With the COVID-19 pandemic still affecting the lives of millions of people around the world, it should not be a surprise to hear that small businesses are still hurting. Cybersecurity is still essential to maintaining the industrial supply chain, but many small businesses cannot allocate the money to protect themselves.
Financial Limitations of Small Businesses
Before the COVID-19 pandemic, small businesses were unable to allocate enough of their budget towards cybersecurity. A tiny percentage of companies have a full-time IT or cybersecurity professional on staff. As a result, they are at risk of cyberattacks. Roughly 80 percent of companies with senior cybersecurity employees believed they did not have adequate protection against cyberattacks in 2020. The number of cyber breaches in 2020 reached a record high – a total that was more than the previous 15 years combined. The average data breach cost companies $4 million in 2020.
The financial impact from the pandemic could last years. As a result, the improvement of the Cybersecurity Maturity Model Certification Program is of the utmost importance. However, the COVID-19 pandemic is still causing financial troubles for small businesses in the United States, and most companies will not be able to improve their cybersecurity in 2021.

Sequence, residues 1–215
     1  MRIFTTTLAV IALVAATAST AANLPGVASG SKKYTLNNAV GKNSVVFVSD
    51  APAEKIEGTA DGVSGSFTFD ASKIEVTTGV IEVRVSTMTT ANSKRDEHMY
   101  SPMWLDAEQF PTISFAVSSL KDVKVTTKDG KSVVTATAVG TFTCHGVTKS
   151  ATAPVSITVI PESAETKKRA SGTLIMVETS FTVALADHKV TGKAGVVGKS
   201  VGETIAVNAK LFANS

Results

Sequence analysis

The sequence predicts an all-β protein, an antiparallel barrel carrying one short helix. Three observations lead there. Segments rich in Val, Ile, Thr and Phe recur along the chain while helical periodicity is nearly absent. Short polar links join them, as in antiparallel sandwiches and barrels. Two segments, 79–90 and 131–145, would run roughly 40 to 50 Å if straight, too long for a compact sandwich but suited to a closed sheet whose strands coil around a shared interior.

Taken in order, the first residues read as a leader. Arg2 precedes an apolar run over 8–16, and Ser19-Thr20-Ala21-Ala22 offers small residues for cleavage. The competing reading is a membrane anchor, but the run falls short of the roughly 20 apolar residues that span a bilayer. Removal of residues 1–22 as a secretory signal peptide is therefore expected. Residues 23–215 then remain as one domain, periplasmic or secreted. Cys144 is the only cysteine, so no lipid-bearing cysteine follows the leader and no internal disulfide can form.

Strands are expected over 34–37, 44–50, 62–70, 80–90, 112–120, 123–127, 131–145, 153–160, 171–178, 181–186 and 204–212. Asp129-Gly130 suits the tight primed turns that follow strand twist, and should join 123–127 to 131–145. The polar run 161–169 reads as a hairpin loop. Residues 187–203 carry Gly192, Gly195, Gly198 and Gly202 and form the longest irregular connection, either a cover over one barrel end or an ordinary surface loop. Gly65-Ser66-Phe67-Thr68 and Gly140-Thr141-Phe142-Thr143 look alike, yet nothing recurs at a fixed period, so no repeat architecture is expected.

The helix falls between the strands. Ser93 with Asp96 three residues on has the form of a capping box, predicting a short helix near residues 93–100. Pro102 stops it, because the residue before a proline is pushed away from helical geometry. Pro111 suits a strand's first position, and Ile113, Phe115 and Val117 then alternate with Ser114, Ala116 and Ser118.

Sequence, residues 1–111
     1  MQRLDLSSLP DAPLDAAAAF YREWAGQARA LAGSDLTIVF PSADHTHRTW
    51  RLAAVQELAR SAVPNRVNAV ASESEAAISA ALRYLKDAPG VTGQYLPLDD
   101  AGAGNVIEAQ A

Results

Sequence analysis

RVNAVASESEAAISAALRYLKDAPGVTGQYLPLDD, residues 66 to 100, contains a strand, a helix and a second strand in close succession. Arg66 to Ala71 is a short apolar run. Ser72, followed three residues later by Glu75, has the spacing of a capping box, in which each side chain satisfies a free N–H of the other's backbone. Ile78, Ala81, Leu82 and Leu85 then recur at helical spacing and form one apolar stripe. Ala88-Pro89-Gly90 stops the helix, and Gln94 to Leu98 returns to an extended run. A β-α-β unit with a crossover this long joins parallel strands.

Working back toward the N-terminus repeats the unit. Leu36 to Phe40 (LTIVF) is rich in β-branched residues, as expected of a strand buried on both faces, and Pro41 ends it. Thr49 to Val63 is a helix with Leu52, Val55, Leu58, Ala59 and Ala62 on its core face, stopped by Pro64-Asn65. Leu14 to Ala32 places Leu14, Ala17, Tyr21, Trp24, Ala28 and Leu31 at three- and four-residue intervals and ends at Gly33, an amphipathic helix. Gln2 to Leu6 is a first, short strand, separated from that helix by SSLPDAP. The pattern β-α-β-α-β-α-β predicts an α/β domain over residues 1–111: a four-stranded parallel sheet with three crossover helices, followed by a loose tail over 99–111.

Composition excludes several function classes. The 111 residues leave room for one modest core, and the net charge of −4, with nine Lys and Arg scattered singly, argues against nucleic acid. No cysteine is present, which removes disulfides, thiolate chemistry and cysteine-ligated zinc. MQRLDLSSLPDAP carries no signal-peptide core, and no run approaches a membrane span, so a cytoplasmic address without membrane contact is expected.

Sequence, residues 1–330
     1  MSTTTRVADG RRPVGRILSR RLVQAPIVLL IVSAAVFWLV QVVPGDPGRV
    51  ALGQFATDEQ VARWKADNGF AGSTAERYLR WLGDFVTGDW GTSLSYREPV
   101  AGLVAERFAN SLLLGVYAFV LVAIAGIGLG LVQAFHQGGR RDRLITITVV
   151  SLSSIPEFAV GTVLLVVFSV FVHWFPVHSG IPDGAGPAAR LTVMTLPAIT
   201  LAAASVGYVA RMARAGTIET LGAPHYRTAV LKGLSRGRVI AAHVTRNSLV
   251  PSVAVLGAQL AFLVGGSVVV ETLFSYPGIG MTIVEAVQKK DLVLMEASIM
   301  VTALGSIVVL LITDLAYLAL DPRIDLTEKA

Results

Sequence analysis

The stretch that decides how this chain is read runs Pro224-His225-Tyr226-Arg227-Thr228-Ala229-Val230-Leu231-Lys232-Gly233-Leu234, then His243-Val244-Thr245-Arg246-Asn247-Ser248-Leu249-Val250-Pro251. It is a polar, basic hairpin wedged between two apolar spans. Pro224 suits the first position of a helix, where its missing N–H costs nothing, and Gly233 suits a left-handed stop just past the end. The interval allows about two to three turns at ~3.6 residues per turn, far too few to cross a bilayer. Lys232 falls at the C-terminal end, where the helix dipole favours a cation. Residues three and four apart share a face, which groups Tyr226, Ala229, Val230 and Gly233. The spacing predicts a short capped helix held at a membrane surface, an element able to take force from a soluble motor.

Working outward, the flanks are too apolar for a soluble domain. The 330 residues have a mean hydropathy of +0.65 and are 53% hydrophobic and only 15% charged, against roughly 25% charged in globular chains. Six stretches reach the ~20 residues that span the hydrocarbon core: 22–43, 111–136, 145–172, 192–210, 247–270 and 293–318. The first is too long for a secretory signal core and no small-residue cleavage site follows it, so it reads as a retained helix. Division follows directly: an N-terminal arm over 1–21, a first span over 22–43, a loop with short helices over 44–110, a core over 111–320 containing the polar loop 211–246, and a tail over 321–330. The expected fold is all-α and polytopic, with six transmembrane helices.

Reducing the Costs of the Cybersecurity Maturity Model Certification Program
Nearly 75 percent of the supply chain consists of small businesses. Unfortunately, many of these businesses are struggling financially because of the COVID-19 pandemic, making it difficult for them to finance their cybersecurity. That is why Jesse Salazar (the Deputy Assistant Secretary of Defense for Industrial Policy) prioritized managing cybersecurity costs above all else. The number of small businesses in the DIB has shrunk by more than 40 percent over the last ten years, and the pandemic has not helped. According to a survey by Defense One, one in seven companies believe they will never return to pre-pandemic business levels. As a result, the Department will try to balance the need for accountability, keeping in mind that many companies have financial limitations.
With Salazar overseeing the improvements of the CMMC, there is hope that things will get easier for small businesses in the coming years. His statement appears to have outlined that the pandemic has changed the cyber landscape and that things need to change. Though, implementation could take some time.